It is not just legal language that can be difficult to comprehend for the layman and legal translator alike. Often, it is the very content of legal texts that is strange. And the UK has no shortage of bizarre British laws if authors and journalists are to be believed.
From time to time books are published about England’s weird and wonderful laws. Nigel Crawthorne’s The Strange Laws of Old England (2004) is a hilarious case in point. And today the Guardian published a short story about a study commissioned by an insurance company that looks at whether obscure legislation is really needed. It offers a list of the 10 most bizarre British laws “to highlight the complexity and antiquity of statutes that remain in force”. The study has been prepared by a Ph.D. student at the University of Cambridge and -as is normally the case with lists or compilations of this type- contains some truly odd stuff.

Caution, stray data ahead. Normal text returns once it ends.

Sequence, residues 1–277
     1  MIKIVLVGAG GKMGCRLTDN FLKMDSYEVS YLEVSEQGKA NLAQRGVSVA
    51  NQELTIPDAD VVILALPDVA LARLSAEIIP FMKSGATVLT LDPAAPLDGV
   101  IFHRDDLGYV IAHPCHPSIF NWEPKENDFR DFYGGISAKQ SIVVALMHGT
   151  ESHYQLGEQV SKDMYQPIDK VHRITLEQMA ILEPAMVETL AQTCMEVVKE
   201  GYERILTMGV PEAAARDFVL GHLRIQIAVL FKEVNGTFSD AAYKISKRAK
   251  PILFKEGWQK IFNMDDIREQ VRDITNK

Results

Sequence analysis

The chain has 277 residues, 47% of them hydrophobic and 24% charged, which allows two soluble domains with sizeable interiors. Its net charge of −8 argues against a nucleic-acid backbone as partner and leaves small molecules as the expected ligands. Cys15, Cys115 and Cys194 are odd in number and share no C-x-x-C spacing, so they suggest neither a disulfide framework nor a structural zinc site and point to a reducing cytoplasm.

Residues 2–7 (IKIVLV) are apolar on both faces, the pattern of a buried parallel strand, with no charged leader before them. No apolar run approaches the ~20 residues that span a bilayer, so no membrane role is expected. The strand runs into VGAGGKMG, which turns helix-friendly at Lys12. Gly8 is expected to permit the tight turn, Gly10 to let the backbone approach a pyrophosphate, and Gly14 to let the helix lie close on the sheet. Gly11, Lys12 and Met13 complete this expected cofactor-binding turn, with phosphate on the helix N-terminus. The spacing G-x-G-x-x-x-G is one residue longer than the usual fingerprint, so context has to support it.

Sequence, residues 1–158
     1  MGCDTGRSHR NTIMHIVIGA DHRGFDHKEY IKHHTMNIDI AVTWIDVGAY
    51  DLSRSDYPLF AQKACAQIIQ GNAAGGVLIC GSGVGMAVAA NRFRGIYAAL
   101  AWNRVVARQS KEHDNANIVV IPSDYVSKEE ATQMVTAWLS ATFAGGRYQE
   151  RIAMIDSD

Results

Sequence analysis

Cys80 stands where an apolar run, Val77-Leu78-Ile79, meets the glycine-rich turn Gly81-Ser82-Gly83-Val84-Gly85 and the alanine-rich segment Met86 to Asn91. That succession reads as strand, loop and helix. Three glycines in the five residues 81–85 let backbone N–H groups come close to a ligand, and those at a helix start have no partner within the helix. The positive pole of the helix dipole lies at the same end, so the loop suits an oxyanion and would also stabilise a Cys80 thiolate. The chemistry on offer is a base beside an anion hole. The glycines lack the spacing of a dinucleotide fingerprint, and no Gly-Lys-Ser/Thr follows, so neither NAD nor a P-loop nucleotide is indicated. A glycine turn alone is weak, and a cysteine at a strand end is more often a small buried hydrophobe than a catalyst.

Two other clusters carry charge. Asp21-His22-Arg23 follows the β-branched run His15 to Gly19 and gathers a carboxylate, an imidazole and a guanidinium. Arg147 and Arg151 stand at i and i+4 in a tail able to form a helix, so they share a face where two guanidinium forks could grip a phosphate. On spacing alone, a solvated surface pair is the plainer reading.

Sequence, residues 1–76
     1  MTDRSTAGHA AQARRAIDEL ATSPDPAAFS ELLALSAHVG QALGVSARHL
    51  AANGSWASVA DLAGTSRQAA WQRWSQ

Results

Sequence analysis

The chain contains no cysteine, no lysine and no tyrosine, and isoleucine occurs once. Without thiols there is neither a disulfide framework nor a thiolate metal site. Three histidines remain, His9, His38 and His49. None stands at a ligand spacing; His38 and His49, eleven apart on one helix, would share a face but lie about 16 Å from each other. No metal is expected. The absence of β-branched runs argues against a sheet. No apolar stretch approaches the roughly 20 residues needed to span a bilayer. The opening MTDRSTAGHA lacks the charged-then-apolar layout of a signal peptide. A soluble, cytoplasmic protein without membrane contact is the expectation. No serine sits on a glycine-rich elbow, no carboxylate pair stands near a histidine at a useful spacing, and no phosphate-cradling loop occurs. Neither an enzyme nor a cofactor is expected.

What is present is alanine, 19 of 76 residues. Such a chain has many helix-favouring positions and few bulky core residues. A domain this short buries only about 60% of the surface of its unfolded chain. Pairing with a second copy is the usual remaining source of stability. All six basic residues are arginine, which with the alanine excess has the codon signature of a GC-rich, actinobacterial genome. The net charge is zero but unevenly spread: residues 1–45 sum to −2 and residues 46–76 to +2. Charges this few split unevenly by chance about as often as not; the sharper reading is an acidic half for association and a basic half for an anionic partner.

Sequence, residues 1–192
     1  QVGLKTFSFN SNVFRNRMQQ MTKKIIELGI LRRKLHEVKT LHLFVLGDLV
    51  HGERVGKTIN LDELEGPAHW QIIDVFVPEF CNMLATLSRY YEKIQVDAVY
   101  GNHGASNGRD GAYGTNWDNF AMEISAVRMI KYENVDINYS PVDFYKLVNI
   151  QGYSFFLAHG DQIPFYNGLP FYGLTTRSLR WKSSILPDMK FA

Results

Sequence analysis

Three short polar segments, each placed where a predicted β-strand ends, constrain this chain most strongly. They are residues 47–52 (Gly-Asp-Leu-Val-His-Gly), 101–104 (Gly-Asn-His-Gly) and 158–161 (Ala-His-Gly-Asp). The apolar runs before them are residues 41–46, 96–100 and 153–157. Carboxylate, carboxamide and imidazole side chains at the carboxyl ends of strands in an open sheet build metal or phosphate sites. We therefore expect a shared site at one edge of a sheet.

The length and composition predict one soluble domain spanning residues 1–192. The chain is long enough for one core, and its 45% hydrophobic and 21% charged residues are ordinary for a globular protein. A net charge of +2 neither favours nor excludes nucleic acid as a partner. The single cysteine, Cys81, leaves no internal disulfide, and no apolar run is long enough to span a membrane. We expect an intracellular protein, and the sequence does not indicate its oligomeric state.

Here are some short excerpts from the article:
“Section 12 of the 1872 Licensing Act declares that “every person found drunk … on any licensed premises, shall be liable to a penalty”. It was enacted to reduce consumption of alcohol and to encourage sobriety among the poor. It remains in force within England and Wales as a rule prohibiting public drunkenness.
The Metropolitan Police Act 1839 makes it an offence for any person to carry any cask, tub, hoop, wheels, ladders, planks or poles on a footway “except for the purpose of loading or unloading any cart or carriage”. It was passed to ensure people could move freely along public thoroughfares without obstruction.
MPs are prohibited from wearing armour in parliament by the Bearing of Armour Act which dates back to 1313. It was an attempt by Edward II to prevent nobles from threatening to use force when parliament was called. The Earl of Lancaster, it was reported, still attended parliament carrying weapons until at least 1319.
… a different part of the 1872 Licensing Act … outlaws being drunk in charge of cattle; the 1986 Salmon Act – intended to ban poaching – makes it illegal to handle salmon in suspicious circumstances; a 19th-century law bans the beating of carpets after 8am on streets in London.”
To read the full article about these bizarre British laws, click here.